10     that I, Zoran Gorenje and Franc Kos should take our weapons and proceed

11     for an action as ordered by Pelemis.

12        Q.   And now we come to the question which prompted us to deal with

13     your rank.  Could you please tell the Trial Chamber who Brano Gojkovic

14     is.

15        A.   Brano Gojkovic is a soldier from the Vlasenica platoon.

16        Q.   Can a soldier from a different platoon issue an order, an

17     executive order, to you or to Franc Kos who at the time was a lieutenant?

18        A.   In our unit it was possible, because if the commander of our unit

19     assigned him to be the commander of the squad for that assignment, then

20     he could issue an order to me or to anyone else that Pelemis assigned to

21     that particular action.

22        Q.   Did you personally see or hear Pelemis issue to him an order that

23     he was supposed to pass on to you?

24        A.   No.

25        Q.   Practically you took his word for it, that it was an order from

Page 13746

 1     Pelemis that he was just passing on.  Is that a correct conclusion?

 2        A.   Yes.

 3        Q.   Did Gojkovic mention you by name when he said it was Pelemis's

 4     order that you should go into a new mission?

 5        A.   Yes.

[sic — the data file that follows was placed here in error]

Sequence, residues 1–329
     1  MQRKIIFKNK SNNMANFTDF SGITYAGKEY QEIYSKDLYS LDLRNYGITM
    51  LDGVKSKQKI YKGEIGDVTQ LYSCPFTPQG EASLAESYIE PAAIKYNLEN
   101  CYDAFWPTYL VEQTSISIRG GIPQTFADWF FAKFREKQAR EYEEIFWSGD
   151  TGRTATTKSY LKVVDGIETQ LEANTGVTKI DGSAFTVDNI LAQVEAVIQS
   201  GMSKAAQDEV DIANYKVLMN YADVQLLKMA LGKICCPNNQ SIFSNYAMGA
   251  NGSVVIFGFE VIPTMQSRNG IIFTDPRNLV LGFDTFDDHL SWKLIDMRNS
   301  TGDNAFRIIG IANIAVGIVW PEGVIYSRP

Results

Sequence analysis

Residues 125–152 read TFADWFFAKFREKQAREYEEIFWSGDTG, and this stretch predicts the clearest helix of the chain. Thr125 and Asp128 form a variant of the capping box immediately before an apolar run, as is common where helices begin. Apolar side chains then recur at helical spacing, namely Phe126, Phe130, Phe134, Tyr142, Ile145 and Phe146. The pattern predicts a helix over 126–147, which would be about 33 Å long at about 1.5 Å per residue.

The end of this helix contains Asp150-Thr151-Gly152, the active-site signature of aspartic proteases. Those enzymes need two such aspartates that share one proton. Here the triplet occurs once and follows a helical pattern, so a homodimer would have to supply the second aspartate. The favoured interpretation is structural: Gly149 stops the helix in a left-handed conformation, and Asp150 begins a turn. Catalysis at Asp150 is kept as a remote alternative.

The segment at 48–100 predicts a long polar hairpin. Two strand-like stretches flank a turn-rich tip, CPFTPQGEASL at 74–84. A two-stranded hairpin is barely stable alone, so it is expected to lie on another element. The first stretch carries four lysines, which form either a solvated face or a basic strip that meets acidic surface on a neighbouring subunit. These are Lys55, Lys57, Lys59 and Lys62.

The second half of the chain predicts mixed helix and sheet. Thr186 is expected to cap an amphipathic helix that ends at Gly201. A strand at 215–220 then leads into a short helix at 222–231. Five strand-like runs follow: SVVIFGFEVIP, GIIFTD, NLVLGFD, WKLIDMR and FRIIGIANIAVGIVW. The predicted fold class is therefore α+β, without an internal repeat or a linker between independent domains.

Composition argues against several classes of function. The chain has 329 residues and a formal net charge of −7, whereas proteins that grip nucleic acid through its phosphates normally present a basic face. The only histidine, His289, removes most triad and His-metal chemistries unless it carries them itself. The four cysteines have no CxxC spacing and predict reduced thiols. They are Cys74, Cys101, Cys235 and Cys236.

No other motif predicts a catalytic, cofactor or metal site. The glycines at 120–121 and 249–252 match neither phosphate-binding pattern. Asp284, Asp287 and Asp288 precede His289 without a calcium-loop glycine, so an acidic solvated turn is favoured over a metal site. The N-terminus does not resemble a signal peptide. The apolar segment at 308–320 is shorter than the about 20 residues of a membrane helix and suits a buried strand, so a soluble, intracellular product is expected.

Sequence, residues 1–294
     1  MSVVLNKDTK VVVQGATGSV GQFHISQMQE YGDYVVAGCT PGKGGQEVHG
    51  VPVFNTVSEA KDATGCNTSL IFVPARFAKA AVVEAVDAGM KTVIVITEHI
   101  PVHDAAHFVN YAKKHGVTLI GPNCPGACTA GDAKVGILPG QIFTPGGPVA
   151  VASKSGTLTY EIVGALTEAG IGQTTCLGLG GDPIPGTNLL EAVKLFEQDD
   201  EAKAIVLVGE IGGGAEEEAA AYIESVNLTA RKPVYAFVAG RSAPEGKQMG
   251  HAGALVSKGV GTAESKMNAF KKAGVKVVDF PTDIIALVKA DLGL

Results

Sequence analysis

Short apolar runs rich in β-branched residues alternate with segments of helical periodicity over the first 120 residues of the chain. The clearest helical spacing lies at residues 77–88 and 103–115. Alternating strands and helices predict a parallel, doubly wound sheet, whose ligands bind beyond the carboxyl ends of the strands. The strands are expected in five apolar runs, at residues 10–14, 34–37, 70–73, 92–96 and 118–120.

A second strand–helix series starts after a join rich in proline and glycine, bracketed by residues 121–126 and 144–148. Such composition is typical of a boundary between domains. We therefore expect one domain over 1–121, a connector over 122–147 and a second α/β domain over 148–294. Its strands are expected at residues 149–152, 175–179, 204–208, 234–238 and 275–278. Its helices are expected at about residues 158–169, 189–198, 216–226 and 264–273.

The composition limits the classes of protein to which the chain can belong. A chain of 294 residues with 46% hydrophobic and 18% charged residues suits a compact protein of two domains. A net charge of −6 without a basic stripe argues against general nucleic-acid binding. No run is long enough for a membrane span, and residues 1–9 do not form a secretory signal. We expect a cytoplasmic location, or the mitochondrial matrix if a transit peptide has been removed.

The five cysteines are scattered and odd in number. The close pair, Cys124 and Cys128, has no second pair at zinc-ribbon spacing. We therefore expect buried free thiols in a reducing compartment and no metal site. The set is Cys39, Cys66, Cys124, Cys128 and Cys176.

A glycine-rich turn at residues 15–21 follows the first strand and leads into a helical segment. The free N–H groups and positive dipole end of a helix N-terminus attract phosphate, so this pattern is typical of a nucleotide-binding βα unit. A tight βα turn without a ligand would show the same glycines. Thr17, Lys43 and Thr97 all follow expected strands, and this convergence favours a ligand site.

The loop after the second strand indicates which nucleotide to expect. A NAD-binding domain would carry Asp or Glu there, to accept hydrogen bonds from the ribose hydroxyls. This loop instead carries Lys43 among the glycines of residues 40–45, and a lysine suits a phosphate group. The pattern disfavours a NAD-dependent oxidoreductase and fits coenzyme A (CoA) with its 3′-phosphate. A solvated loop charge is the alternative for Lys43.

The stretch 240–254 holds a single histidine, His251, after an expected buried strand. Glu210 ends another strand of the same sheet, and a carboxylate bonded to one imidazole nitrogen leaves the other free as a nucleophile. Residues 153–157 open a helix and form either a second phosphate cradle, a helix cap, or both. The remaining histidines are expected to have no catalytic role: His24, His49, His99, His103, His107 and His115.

6        Q.   Do you know a member of your unit called Dragan Todorovic?

 7        A.   I was asked about that name when I testified in the Karadzic

 8     case, and I couldn't remember.

 9        Q.   Can you remember who was in charge of logistics in Vlasenica for

10     your unit?

11        A.   If I remember well, it was Zoran Stupar.

12        Q.   Thank you.

13             MR. STOJANOVIC: [Interpretation] Your Honours, could we call up

14     in e-court now a part of the transcript from the Popovic case marked

15     65 ter 1D1090, page 14041, lines from 21 through line 6 on the next page.

16        Q.   At some point we'll have to move to the following page, but

17     before we do that I would like to read certain passages.  So, sir, in the

18     Popovic case the Prosecution had called Dragan Todorovic as a witness, he

19     was a member of your unit, and he was examined by my learned friend

20     Mr. McCloskey.  And his evidence ran as follows:  The question by

21     Mr. McCloskey was:

22             "Among this group that you've named that left, do you know who

23     was in charge of the group?"

24             Todorovic answers:

25             "Franc Kos, who was a 2nd lieutenant, signed for the equipment.

Page 13747

 1     If he was not around, Drazen Erdemovic had the rank of sergeant, and he

 2     would have to sign because privates could not sign.  Their signature

 3     meant nothing.

 4             "Q. And you mentioned that Drazen Erdemovic joined this group a

 5     bit later.  Can you tell us more about it?  Do you know under what

 6     circumstances Erdemovic joined the group?"

 7             He answers, and we have to move to the following page: